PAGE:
Here’s what’s wrong with Frasca’s year-old, Neapolitan-style sibling: it’s in Boulder, not Napoli. That’s it & that’s pretty much all (well, I’m still not feeling the year-long trend toward drab-gray walls in restaurants either, but I seem to be alone in that).
And since there’s not much any of us can do about the fact that we exist outside of Italy, I’ve got to give boring, obvious, me-too props to the crew at Pizzeria Locale for giving it their all to transport us in spirit.
For starters, far be it from me to steer you away from the exquisite wines—both Locale’s own pizza-friendly selection & Frasca’s supplemental offerings, justly famous far-&-wide. (After a recent working lunch, I can vouch for the fact that some major players on the national sommelier circuit were all about the underappreciated Locale list.) But truth be told, I’m a sucker for the spritzes, be it the pictured late-summer version made with fresh cantaloupe juice or my recent fave (unpictured), called, IIRC, the Thistle; made with Cardamaro, it’s like a lighter, bitter-er cola.
As for antipasti: I’ve been lucky enough in this life to become jaded about insalata ai frutti di mare. From Venice & Camogli to Atrani & Palermo, I’ve had seafood salads as tear-jerkingly exquisite as arias—this one in particular—& others as shoddy as you’d expect from Olive Garden (one learns to translate congelato the hard way). Locale’s (pictured below right) is, it almost pains me to admit, every bit as good as the best I’ve ever savored in Italy, even seaside, where the calamari is so fresh & tender & buttery it melts your heart. Here, it’s not the likewise excellent, deeply flavor combination of squid, octopus, mussels, clams & shrimp that wows so much as the whole vibrant package, which also boasts crispy thin-sliced potatoes, artichoke hearts, capers & lots of lemony tang. On the left, disks of roasted pepper stuffed with excellent imported tuna pack an awesome wallop as well.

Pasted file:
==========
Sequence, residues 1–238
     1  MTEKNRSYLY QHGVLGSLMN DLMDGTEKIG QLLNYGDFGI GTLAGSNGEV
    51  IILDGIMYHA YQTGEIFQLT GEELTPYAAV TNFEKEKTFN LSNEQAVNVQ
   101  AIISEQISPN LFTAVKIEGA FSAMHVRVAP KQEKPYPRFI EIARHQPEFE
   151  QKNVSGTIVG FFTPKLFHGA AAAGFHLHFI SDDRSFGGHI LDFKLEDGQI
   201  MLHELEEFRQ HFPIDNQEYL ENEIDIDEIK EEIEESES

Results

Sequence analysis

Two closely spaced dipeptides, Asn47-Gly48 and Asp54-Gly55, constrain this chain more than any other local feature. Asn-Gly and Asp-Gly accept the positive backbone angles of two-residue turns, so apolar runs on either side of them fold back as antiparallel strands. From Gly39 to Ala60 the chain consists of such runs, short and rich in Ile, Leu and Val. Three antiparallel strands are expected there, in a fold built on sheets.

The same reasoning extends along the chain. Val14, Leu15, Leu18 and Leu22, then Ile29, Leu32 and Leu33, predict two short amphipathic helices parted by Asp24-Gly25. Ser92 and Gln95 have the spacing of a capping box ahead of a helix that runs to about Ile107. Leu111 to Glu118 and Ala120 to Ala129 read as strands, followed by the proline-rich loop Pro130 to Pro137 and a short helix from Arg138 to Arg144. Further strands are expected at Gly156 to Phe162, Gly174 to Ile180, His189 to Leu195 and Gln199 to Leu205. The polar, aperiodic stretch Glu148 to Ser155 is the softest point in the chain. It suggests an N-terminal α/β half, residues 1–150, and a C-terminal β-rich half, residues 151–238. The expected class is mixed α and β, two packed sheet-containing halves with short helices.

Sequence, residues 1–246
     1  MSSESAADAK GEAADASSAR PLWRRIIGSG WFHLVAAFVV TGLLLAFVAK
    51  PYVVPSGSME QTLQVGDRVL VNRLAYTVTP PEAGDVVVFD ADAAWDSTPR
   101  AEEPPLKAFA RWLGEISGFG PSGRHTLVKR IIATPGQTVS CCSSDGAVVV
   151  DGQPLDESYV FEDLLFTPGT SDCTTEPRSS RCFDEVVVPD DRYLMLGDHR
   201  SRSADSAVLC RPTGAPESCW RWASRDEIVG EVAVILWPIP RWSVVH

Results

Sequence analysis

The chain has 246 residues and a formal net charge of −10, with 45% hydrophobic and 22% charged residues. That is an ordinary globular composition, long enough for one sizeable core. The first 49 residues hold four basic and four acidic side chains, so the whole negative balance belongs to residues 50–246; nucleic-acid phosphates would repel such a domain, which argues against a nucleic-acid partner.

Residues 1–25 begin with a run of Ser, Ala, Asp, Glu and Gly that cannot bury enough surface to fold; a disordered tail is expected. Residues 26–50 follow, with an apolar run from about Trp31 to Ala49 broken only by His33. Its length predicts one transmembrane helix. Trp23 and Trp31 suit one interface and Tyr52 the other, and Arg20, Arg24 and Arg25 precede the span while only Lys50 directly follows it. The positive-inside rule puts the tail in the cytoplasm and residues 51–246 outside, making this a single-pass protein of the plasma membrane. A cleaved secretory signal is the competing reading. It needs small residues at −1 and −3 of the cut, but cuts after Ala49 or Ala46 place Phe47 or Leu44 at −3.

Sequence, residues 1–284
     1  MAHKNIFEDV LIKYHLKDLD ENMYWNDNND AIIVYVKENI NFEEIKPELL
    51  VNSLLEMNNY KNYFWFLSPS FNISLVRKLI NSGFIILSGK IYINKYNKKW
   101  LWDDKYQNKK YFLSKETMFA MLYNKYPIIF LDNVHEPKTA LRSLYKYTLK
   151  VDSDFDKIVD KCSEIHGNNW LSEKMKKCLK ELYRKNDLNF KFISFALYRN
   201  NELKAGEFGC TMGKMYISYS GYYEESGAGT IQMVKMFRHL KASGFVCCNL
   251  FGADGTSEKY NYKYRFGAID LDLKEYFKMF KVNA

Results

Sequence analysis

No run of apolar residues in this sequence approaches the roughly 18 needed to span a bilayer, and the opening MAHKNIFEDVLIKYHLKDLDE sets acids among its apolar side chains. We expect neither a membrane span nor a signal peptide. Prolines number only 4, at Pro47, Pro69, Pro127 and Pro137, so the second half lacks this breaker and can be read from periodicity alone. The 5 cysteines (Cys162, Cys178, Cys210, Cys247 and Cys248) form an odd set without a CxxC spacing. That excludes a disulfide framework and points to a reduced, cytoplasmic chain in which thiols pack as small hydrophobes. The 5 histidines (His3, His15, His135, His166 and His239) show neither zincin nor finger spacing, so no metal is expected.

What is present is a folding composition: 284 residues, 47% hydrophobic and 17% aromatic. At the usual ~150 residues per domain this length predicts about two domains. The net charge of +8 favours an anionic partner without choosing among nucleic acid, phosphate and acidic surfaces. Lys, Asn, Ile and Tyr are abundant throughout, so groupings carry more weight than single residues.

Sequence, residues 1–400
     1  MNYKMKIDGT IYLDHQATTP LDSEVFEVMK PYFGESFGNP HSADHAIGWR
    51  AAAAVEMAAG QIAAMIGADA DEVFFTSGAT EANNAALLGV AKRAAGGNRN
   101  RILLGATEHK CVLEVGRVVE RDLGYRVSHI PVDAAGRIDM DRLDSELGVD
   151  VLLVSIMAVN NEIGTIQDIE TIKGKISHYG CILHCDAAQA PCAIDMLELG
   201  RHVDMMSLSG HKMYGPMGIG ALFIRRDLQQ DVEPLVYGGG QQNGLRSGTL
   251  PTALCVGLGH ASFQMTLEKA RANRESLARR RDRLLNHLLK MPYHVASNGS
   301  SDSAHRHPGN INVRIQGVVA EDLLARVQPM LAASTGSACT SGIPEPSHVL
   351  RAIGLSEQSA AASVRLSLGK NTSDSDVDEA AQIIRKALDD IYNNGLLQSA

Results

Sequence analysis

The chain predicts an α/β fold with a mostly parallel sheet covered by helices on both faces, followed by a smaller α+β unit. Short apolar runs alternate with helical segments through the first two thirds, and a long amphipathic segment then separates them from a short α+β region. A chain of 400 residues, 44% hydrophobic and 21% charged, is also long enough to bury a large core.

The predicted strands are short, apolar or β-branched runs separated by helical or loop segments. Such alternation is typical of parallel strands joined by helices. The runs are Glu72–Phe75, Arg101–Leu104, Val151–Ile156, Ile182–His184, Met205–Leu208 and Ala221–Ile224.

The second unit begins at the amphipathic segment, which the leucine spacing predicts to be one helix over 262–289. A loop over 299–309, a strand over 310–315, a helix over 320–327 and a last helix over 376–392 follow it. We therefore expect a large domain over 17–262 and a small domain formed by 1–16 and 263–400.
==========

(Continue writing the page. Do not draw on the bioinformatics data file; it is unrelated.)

My torrid love affair with Sicilian arancini, documented here, is such that I can’t fairly comment on any stateside version. Suffice it to say these are perfectly good.
Keeping in mind, then, that intensely personal history tends to color all my Italian-food experiences forevermore—that, in short, my standards are extremely high, perhaps even unfairly high—you can rest assured that I believe in Locale, above all where it matters most: in its approach to pizza.
I understand it’s had its share of complaints about the fact that the pies arrive uncut. Folks, Locale is, as we’ve noted, a Neapolitan-style pizzeria, & in Napoli (& Perugia & Lucca & anywhere else I’ve ever had pizza in Italy), this is the way pizza is served. If you can’t deal, then by all means skip it in favor of a good old corner parlor slinging head-sized slices you can fold & cram down your craw in seconds flat. (I don’t say that critically; I may be an Italophile, but I’m Kansas-born & Oklahoma-bred, hence fond of shoveling as well as nibbling.) But if you’re on the fence, look at it this way: the knife-&-fork ritual forces you to slow down a little, enjoy the company you’re keeping, maybe even recognize the sensation of fullness before it’s too late.
Anyway, I like just fine the slightly spicy Bianca with buffalo mozz & pecorino, lardon-cut sausage, rapini & garlic—
but I adore the Mais with corn, prosciutto cotto & crème fraîche (+ more buffalo mozz). It’s not often one can call a pizza delicate or subtle; this baby is.
In case you were wondering, corn is not an uncommon pizza topping in Italy, though it is, in my experience, typically combined with chunks of oil-packed tuna over red sauce, senza formaggio (mixing seafood & cheese is verboten there, though that’s one of the few rules of Italian cuisine I’m all for breaking. Come on, shrimp & feta?)
Budino, meanwhile, doesn’t require any life experience to appreciate. It’s butterscotch pudding. Done.